Every summer, I look forward to live music. For a few brief weeks this year, as the coronavirus receded and restrictions were lifted, it seemed like I was about to get my wish. Yet within one month of my favorite outdoor venue announcing that it would move from cautious, socially distanced live music to hosting headliners at full capacity, delta was upon us. And we are almost as unprepared for this surge as we were for the surge at the end of 2020.
Just over a year ago, the AAMC released The Way Forward on COVID-19: A Road Map to Reset the Nation’s Approach to the Pandemic, with 11 evidence-based actions to curtail the spread of the coronavirus. Many simple recommendations in that report — such as the need for evidence-based use of face coverings — were plagued by political posturing; others, such as enhancing testing capacity, were not effectively acted upon.
Today, the AAMC Research and Action Institute has released a new report, The Way Forward Starts Now: Lessons From COVID-19, which, in planning the report, I had hoped could firmly focus on preparing for the next pandemic. But the recent resurgence of the coronavirus, and the resulting hospitalizations and deaths of tens of thousands of mostly unvaccinated people, has underscored the importance of addressing the inadequacies in our nation’s response to this pandemic not just for the next public health emergency — but to end this one.
While I hope you’ll take the time to read the entire 12-page report, a few recommendations stand out.
First, federal leadership, coordinated with state and local public and private entities, is critical. That leadership, in order to be effective, must come from the White House and be directly linked to the president of the United States. That leadership can be in the form of a czar, a designated official, or a task force with clear individual leadership that reports directly to the president. There are simply too many different agencies and departments within the federal government currently responding to the pandemic; the entire effort would benefit from a more coordinated response and accountability to a single individual.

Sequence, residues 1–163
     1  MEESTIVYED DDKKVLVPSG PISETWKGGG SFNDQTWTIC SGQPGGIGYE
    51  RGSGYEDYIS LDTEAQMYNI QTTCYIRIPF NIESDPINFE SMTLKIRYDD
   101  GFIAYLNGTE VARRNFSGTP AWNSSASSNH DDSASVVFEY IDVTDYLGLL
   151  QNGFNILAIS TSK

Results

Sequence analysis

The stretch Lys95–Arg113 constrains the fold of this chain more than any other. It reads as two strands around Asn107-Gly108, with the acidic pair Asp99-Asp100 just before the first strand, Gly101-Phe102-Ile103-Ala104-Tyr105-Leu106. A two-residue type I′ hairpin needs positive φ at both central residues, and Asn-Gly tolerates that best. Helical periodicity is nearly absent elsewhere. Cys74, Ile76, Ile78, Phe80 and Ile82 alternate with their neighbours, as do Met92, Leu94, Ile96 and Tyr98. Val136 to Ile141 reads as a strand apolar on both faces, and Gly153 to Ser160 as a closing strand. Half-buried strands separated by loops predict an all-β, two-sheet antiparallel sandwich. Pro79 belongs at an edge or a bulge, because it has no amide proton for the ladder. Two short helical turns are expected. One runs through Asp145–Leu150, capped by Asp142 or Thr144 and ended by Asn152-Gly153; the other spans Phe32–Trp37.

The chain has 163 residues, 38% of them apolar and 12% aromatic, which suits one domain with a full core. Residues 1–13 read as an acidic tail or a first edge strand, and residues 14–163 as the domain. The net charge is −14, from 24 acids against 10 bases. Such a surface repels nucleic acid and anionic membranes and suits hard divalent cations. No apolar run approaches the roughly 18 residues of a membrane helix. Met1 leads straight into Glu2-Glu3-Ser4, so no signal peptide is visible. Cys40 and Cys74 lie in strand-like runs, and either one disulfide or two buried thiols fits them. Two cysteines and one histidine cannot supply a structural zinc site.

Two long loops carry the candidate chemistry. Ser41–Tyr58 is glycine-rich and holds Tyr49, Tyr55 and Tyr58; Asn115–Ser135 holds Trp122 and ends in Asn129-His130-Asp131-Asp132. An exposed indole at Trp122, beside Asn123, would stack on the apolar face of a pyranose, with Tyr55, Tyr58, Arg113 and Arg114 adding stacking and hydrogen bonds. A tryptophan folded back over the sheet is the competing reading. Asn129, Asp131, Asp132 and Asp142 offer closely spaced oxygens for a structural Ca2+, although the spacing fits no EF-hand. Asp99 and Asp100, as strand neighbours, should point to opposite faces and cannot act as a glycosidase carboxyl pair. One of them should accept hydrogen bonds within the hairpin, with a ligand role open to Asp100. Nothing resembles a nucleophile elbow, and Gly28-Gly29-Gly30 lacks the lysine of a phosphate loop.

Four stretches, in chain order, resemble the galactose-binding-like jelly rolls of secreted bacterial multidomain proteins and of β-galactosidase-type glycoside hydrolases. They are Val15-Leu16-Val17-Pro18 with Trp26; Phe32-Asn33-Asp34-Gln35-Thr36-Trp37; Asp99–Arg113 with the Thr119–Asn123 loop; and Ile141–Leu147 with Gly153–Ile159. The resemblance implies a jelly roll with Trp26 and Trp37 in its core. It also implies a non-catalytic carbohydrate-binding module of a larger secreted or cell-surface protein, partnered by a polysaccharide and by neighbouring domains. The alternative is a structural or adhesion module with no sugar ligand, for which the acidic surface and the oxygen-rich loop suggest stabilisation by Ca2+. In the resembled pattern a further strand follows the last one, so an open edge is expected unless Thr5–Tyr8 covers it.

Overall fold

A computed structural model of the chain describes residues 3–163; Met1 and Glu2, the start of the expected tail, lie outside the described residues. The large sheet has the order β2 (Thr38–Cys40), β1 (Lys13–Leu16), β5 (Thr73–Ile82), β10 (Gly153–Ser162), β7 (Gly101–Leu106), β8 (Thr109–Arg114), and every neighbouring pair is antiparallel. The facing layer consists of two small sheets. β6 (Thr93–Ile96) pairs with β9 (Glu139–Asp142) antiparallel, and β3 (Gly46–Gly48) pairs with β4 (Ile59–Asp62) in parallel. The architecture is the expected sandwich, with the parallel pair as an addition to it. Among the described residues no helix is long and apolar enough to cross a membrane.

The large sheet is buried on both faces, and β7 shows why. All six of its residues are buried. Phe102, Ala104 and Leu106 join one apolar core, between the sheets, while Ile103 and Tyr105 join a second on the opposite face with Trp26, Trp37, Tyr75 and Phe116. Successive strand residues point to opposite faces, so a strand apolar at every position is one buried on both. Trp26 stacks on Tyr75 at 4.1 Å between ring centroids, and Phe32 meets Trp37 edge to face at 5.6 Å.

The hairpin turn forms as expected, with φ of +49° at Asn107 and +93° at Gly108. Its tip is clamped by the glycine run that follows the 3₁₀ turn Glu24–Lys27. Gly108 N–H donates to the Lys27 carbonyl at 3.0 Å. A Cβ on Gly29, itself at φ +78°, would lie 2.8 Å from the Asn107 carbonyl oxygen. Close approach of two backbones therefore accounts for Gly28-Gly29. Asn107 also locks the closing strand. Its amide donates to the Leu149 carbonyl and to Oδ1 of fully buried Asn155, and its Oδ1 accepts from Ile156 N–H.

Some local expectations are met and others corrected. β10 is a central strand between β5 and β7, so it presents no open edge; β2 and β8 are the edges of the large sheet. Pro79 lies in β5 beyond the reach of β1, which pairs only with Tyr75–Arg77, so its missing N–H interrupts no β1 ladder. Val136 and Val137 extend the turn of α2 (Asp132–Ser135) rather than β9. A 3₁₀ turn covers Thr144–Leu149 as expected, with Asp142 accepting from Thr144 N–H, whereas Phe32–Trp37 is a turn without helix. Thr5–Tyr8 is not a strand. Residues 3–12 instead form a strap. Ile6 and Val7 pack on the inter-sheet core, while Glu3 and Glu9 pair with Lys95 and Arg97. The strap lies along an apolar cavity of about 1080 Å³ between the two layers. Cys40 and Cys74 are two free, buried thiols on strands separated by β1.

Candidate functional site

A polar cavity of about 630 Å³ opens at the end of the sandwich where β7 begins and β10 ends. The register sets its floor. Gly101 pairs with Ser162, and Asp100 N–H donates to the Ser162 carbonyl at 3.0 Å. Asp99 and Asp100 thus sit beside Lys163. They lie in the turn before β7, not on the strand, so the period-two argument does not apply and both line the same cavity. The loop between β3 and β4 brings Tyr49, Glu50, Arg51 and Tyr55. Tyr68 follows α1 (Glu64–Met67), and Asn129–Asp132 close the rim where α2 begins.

Each task, every product, and all service lines also need to have clear, identifiable leadership in the form of an individual who reports (frequently and transparently) the status of, for example, the development of diagnostics and therapeutics, plans and readiness for acute care and prevention, or the grim task of body handling and disposal. Each of these critical services needs a clear supply chain that begins with real-time inventory translated into usable data reported both in frequent press conferences and on publicly available dashboards.
Second, collaboration among the public, private, and academic sectors needs to occur now (or at the beginning of any emergency), as it did with Operation Warp Speed, even if this means purchasing diagnostics, therapeutics, laboratory supplies, and vaccines before they have been developed.
Third, we need to decide, as a nation, how many people we are prepared to serve and for how long during the next public health emergency. Clinical supplies (masks, gowns, gloves, paralytics, analgesics, ventilator equipment, etc.) must be secured, whether we choose to support 125,000 people for a period of weeks or months, or 1 million people for a period of days. We need public targets and appropriate transparency into the status of our strategic national stockpile.
This work has to start now. Federal leadership could make many of these changes possible within months and implement the vast majority within the next three to five years. Other critical actions, such as ensuring we have enough health professionals to prepare for the worst, rather than the most rosy scenarios, will take much longer — but are no less critical.
Finally, we must ensure an ongoing commitment to basic science, clinical care, and public health that no longer robs Peter to pay Paul. Rapidly shifting our focus from one infectious disease to another, or diverting it from ongoing crises such as the opioid epidemic, will not serve us in the long run. What we do today will prepare us for the next public health emergency, as well as impact our ability to respond to the current crisis.
Next year, I intend to get back to live music. I know we all want to return to a safer, more secure nation where people don’t die needlessly. As always, thank you for taking the time to read this, and let me know what you think.